“We’re basically waiting to hear something from the town as to what they want to do to proceed forward,” said BFC President David Fitzgerald. “But yeah, we’ve been since last April willing and ready to meet with them, and we’re just waiting to hear something from the town.”
Though funding was pulled over the summer, the friction between the two parties extends back until at least last winter. Since then the BFC has made a number of attempts to find a way to restore town funding, publically asking the council in November to sit down with the BFC in front of an unbiased, third-party mediator of the town’s choosing. At that time, the council refused, citing complaints with company leadership methods and wanting to see where any legal cases for either side stood before moving forward. Williams said that January would be the earliest he would expect the issue to gain any momentum.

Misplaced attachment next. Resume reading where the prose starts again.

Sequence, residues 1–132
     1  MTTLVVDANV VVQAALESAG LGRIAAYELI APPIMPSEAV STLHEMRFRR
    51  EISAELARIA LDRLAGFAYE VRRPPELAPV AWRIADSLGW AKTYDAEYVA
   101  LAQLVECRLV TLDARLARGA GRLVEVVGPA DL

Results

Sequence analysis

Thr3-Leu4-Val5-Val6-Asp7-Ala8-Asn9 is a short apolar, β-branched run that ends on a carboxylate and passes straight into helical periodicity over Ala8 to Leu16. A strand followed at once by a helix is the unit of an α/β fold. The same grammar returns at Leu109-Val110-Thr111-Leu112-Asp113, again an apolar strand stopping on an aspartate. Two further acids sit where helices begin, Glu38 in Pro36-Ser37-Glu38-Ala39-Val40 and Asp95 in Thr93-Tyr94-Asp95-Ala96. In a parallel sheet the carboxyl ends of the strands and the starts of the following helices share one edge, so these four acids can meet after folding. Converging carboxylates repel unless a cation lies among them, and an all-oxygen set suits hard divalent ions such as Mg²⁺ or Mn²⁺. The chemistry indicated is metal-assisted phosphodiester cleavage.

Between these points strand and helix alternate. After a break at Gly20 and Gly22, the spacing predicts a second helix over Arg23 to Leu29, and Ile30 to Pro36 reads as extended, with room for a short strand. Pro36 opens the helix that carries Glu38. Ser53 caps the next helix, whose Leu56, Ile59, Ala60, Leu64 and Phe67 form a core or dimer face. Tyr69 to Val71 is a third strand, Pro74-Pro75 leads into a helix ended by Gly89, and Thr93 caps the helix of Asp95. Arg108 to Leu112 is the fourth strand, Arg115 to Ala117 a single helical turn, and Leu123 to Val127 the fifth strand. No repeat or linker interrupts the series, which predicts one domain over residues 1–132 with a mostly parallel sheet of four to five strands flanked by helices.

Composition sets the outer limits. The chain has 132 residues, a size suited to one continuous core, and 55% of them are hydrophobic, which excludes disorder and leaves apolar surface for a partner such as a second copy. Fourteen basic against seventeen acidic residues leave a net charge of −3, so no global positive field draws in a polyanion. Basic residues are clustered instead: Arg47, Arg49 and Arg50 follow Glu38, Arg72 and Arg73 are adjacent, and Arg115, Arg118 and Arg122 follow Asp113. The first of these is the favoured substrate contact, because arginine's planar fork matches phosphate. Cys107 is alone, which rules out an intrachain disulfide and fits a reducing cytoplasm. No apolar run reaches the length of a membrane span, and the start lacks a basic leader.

As of Tuesday, Fitzgerald said that the BFC has not heard from the town and is planning on approaching the council again with the idea of both parties sitting down with a mediator. However, Williams confirmed that Gaskill has been instructed to make the first move in the process and will likely do so sometime in the first half of this month. The dialog will only take place between attorneys for now, added Williams, to keep any personal feelings out of the mix.